3. It’s one thing to have an idea, another to follow through. “Ideas have a short shelf-life and you must act on them before the expiration date.”
  4. Thoughts need time to develop. Don’t just settle on the first thing that comes to mind. Thoughts need to be shaped until they have substance and they need to stand the test of “clarity and questioning”
  5. Smart people collaborate with other smart people. Thinking with others has its benefits. It’s like allowing yourself a shortcut to experiencing everything and learning from them.
  6. Reject popular thinking (or not thinking at all)
  7. To appreciate others’ ideas, you need to value other ideas. Don’t think that you are always right. Be open to other ideas so you can have room to expand your own.
  8. Engage in reflective thinking to allow yourself perspective and confidence in your decision-making. As Socrates said, “An unexamined life is not worth living.”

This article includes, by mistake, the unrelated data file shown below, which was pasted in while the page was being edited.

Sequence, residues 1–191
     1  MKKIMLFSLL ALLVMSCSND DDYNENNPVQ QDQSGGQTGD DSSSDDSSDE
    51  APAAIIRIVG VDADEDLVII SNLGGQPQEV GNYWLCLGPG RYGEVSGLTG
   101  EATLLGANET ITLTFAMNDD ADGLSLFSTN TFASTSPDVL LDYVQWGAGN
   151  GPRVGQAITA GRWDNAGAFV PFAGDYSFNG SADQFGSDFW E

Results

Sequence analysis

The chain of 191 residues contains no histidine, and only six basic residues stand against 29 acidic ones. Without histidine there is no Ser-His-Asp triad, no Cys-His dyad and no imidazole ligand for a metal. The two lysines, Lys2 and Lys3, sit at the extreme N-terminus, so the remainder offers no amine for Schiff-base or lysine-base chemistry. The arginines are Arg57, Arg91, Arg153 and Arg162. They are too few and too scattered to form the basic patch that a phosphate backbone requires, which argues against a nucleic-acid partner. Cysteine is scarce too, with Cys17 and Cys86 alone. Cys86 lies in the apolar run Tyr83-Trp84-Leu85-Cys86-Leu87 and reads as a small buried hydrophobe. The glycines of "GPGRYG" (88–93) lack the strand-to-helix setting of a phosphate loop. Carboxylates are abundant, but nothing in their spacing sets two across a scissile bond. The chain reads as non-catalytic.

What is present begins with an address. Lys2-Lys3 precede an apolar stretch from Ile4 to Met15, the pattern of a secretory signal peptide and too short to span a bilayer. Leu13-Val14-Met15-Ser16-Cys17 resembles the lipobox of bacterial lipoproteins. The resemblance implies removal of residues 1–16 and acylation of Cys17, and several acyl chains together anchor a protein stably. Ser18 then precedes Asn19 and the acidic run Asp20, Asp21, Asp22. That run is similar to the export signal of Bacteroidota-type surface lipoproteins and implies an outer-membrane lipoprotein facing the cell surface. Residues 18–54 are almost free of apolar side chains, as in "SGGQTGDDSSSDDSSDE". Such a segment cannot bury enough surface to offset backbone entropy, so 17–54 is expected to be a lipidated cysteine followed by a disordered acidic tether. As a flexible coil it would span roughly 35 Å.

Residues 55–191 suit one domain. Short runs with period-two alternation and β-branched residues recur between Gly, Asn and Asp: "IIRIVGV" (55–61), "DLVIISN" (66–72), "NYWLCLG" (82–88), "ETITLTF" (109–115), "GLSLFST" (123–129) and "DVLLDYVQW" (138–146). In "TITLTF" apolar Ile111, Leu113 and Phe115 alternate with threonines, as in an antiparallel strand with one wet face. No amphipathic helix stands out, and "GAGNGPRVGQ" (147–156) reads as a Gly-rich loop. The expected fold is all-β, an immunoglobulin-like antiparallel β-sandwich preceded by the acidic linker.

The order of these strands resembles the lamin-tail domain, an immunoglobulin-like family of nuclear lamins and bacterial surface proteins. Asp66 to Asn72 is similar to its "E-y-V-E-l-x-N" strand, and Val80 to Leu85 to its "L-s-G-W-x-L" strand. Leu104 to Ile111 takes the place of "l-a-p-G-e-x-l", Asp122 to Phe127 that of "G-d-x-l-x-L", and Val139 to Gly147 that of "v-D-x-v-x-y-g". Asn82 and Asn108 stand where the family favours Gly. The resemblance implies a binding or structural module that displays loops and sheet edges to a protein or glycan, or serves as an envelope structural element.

9. Get over negative self-talk. Winners think in terms of “I will” and “I can” Smart people see possibilities, and not limitations. Former baseball star Sam Ewing once said nothing is so embarrassing as watching someone do something that you said could not be done.”
  10. At the end of the day, it’s important to remember we can all change the way we think.

Learning how to master the process of thinking well leads you to productive thinking. If you can develop the discipline of good thinking and turn it into a lifetime habit, then you will be successful and productive all your life.